Characters: Barriss Offee, Luminara Unduli
Word count: 606
Summary: In the aftermath of her first kill, twelve year old Barriss struggles with what it means to be both a healer and a Jedi.
First Do No Harm
In the forty-some hours between the conclusion of negotiations and the landing in the Temple docking bay, Barriss has created an endless number of lives for the slim brown-eyed dead boy.
He was desperate: maybe his family was starving, or they needed medicines they couldn’t afford. Or no, he’d wanted adventure. Non-Jedi did that sort of thing, didn’t they? Master Yoda was always warning the padawans about the dangers of going after adventure and excitement. Barriss pictures the slim brown-eyed dead boy and thinks maybe that is why.
Or the boy’s parents had been involved in the rebellion, too. They’d been workers in one of the manufacturing plants, underpaid and desperate, and their son had been caught up in their fervor.
Except that he didn’t have parents. Maybe he didn’t have anyone at all. He was there because he had nowhere else to be.
He hadn’t been angry when he’d come at Barriss. He’d been afraid. He didn’t want to be taken in to the authorities. There would be no one to care for his younger brother then, no one to buy his medicines or watch over him when he was feverish.
And so she sits in the ship’s tiny passenger hold, staring out the viewport and watching the strange swirls of hyperspace. They’re very soothing—meaningless patterns in blue and white that form and dissipate and change nothing. Sometimes she wishes she could be like hyperspace.
Her master is asleep just a few doors down, but Barriss can’t sleep. She knows that the young man’s brother probably doesn’t even exist, that she’s invented him like a character in a story, but somehow that doesn’t seem to matter as much as the fact that maybe she could have helped him.
Maybe she could have helped his brother, the young man about whom she really knows nothing, except that he is slim, and brown-eyed, and dead. There is a hole burned through his chest, piercing the right lung, and his face is frozen in a permanent, surprised “oh.” Her lightsaber is still glowing in her hand, and Master Luminara’s hand is resting on her shoulder, but she can’t understand anything her master is saying. She replays the scene again and again in her mind, trying to hear the words properly, but she can’t hear anything over the image of the brown-eyed dead boy.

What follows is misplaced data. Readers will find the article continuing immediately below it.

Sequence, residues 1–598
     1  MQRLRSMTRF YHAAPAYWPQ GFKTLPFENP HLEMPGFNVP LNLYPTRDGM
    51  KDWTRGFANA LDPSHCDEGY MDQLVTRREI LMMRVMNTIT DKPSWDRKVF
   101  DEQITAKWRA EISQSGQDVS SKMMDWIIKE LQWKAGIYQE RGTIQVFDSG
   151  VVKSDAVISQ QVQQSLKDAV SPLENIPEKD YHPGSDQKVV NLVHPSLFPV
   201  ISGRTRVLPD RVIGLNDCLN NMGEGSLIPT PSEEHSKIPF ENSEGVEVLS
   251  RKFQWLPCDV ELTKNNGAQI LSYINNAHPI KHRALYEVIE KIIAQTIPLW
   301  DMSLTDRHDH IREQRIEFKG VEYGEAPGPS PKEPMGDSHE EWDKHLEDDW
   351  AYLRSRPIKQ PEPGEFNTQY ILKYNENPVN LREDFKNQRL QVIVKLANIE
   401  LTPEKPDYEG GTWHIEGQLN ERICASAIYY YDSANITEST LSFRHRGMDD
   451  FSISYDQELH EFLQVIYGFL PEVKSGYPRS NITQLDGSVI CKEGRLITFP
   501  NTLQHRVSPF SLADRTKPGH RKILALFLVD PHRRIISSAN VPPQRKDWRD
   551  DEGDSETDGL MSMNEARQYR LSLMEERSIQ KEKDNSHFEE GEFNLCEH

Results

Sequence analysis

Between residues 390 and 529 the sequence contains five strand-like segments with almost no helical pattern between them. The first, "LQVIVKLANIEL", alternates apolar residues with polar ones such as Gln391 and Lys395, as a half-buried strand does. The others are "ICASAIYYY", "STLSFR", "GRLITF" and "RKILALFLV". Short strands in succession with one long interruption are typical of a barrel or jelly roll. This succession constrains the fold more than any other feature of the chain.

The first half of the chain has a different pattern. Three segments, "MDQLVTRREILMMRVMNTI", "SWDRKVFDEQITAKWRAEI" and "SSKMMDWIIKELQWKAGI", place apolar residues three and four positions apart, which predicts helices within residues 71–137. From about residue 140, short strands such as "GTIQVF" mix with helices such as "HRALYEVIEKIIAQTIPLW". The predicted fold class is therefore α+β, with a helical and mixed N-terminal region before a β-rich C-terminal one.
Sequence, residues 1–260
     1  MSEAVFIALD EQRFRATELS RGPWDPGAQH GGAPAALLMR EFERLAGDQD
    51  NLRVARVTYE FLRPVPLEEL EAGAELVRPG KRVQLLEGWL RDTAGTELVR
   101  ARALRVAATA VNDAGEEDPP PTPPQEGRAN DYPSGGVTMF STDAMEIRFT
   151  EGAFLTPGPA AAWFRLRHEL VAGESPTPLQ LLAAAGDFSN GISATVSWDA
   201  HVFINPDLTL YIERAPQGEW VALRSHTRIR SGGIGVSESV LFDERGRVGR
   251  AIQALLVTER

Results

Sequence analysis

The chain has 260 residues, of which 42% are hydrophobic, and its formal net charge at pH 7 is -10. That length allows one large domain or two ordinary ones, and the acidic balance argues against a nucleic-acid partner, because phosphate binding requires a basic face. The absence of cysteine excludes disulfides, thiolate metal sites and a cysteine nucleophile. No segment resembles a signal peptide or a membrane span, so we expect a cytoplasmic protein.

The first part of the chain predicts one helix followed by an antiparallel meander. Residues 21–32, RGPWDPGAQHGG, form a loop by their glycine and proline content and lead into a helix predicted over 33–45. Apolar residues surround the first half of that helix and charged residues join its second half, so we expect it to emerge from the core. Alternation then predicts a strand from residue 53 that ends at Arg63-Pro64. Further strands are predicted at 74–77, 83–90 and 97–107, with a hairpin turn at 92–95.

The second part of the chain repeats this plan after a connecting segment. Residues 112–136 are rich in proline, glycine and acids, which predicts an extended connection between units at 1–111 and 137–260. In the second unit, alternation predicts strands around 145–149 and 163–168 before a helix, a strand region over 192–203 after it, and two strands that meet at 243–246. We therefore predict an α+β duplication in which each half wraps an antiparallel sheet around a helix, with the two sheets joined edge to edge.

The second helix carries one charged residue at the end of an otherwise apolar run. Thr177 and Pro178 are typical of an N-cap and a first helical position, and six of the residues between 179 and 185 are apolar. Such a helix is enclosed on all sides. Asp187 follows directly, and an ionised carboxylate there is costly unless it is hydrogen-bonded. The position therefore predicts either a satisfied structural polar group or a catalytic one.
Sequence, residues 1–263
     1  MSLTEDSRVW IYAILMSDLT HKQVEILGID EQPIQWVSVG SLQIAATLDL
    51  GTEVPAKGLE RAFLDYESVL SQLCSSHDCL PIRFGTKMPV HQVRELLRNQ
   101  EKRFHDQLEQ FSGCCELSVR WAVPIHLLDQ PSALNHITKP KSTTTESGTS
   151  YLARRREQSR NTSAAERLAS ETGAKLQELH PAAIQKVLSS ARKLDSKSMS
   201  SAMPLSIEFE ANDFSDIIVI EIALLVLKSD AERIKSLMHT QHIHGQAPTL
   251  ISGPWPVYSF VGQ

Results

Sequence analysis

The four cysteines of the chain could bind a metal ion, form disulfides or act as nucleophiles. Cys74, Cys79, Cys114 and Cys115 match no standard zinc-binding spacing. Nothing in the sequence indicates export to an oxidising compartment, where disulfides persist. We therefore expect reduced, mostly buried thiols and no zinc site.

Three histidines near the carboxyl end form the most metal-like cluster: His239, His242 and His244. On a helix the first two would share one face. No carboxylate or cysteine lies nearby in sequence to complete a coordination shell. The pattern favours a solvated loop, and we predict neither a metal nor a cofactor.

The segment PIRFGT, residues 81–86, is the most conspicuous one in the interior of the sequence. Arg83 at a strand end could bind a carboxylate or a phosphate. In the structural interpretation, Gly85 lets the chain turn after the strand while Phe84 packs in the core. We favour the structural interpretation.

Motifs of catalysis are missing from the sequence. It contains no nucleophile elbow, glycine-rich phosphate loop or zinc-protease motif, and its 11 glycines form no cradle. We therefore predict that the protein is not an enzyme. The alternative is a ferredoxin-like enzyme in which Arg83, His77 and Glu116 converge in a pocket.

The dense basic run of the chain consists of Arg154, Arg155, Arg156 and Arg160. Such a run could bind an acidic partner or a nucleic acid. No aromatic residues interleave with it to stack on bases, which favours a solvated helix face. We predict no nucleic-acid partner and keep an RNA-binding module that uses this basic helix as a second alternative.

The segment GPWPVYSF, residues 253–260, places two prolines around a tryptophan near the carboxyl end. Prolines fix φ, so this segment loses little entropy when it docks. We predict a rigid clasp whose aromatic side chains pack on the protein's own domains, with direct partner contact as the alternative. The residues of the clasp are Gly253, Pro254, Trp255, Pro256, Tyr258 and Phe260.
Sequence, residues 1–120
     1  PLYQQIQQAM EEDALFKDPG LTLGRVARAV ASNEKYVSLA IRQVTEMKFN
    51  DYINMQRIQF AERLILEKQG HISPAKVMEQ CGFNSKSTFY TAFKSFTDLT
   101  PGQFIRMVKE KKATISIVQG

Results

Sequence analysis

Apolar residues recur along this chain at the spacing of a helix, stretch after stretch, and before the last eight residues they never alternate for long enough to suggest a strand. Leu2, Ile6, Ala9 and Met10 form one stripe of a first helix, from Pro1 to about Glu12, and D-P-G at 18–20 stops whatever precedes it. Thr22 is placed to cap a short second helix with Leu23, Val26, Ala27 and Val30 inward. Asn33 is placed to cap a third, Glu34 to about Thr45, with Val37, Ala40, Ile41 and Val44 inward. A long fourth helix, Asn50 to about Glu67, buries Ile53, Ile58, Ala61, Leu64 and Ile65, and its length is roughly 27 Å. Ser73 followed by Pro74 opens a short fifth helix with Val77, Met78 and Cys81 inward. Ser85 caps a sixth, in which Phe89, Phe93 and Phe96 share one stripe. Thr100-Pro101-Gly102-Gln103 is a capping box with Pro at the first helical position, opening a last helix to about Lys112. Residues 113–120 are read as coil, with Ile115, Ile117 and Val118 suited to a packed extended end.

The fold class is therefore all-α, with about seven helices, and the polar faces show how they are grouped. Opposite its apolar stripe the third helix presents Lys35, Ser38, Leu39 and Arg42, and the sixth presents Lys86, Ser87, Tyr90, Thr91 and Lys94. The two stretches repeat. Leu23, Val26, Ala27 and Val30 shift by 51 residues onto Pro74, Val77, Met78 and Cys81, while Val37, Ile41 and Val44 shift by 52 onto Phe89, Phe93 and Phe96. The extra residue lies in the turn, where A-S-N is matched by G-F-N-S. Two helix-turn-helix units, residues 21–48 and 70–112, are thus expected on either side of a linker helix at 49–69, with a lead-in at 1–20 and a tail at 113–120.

They dock at the Temple in the early hours of Coruscant’s morning, and her master finds her still sitting beside the viewport. This time Barriss can understand her words, but they still don’t seem to mean much.
“Barriss?” Master Luminara says, putting her hand on Barriss’ shoulder in the same way she did before. “Have you been here all night?”
“Yes, Master,” she replies dutifully, but she doesn’t look away from the viewport.
Master Luminara pauses for a moment, and then she pats Barriss’ shoulder. “I know it’s hard, Padawan,” she says. “But you did what you had to do. I’m proud of you.”
And now Barriss does look at her master. She is calm and serene as always, her warm eyes filled with a spark of concern. A strange new brown-eyed voice in the back of Barriss’ mind suddenly wonders how many people her master has killed.
“I couldn’t sleep,” she says, in answer to her master’s previous question. “I keep seeing his face, and wondering…” She trails off into wordlessness, because she doesn’t know what she’s wondering, exactly, and she doesn’t think there would be words for it if she did.
“I know, Barriss,” Master Luminara says very gently. She squeezes Barriss’ shoulder again before drawing back. “But dreams pass in time.”